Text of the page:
Think Inside the Box: With Constraints Come Freedom

Creativity may bring to mind brainstorming and unlimited possibilities.  It appears to be free-flowing, expansive, open.  It may be anti-intuitive, but limitations can boost creativity.  Constraints provide boundaries and clarity so that the artist can focus on the problem or challenge at hand.  They’re a decisive starting place that leads to clear results.

Challenge:  Using a 4′ x 4′ square of cardboard, design and construct a chair capable of bearing your weight when seated.  You may fold, score or cut the cardboard, but no pieces may be removed and you may not use any type of adhesive.

Industrial design students were given this assignment – a more difficult task than it appears.  Because of the limitations – 4×4, cardboard, no pieces cut out and no glue – and the requirements – you must be able to sit on it – they could focus on the creative aspects.  What shape would function best?  How can I make something functional and elegant from this simple material?  How will it all fit together?

Cardboard Chair

Cardboard Chair

My “400 Words” writing practice is much the same on a smaller scale.  When I set a manageable limit there are no excuses.  The title, centered and bold, serves as the starting line and the 400th word is the finish.  I’m free to say anything about the chosen topic, but it ends at 400.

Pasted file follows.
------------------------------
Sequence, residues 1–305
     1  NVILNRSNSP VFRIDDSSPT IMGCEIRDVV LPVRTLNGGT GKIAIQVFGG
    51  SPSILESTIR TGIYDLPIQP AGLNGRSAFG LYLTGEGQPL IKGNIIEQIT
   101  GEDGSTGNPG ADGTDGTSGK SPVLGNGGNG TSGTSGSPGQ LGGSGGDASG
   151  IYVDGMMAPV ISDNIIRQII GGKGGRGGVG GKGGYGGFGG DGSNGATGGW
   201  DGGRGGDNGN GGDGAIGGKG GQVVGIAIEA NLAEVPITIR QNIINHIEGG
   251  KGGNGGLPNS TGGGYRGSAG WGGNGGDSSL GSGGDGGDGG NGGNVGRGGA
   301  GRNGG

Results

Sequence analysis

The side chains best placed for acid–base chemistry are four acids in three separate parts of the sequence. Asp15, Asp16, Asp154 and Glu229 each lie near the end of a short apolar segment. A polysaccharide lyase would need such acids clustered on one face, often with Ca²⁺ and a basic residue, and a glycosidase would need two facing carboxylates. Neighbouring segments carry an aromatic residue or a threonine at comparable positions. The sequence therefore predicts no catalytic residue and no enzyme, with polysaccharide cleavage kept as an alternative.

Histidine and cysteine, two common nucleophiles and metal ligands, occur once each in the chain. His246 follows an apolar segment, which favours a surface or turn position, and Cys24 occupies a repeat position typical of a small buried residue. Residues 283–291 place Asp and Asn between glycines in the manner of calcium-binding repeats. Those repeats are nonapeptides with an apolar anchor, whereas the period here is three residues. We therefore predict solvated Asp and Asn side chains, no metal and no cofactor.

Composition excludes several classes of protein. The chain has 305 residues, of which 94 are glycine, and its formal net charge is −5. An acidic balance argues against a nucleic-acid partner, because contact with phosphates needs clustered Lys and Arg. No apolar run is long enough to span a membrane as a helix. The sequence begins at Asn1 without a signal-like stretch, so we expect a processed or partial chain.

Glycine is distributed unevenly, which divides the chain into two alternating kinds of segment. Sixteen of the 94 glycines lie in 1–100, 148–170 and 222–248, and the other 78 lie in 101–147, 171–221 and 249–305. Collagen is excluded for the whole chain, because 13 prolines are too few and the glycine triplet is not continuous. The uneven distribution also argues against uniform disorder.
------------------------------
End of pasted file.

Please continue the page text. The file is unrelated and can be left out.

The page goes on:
I also like the concept of limitations when it comes to space.  Living in a small apartment means looking at usable space with a different perspective and finding creative solutions such as multifunctional furniture or equipment.  Bookshelves are installed in the space above the door.  Beds have drawers beneath.  Tables expand and chairs stack.  Futons are rolled and beds fold into walls.  If something new comes into the house, something else must leave out of necessity.  Even better are boats.  Have you ever seen a sailboat with an attached garage or basement?  With limited space, you’re confined to essentials and there is beauty in the smallest detail.

Today, try thinking inside the box.  Make a feast from the contents of your pantry and fridge.  Draw a masterpiece the size of a business card.  Instead of a coffee break, write a haiku.  Read 20 pages, walk 2 miles until the sun rises, fill a flat rate box with surprises and send it to someone you love.  As my daughter, the designer, says, “With constraints come creative freedom.”

Cardboard Chair

Beauty, Form and Function

Advertisements

6 Comments (+add yours?)

  1. lautal
    Sep 22, 2012 @ 10:30:53

    I like the post drive. The last paragraph is excellent.

    Reply

  2. hugmamma
    Sep 23, 2012 @ 16:37:22

    I like to think outside the box…but in this case, I can understand… your point of view. 🙂

    Reply

  3. puravida
    Sep 24, 2012 @ 20:42:36

    Ooooh I like that idea, hugmamma!

    Reply

Leave a Reply

Fill in your details below or click an icon to log in:

WordPress.com Logo

You are commenting using your WordPress.com account. Log Out / Change )

Twitter picture

You are commenting using your Twitter account. Log Out / Change )

Facebook photo

You are commenting using your Facebook account. Log Out / Change )

Google+ photo

You are commenting using your Google+ account. Log Out / Change )

Connecting to %s

%d bloggers like this: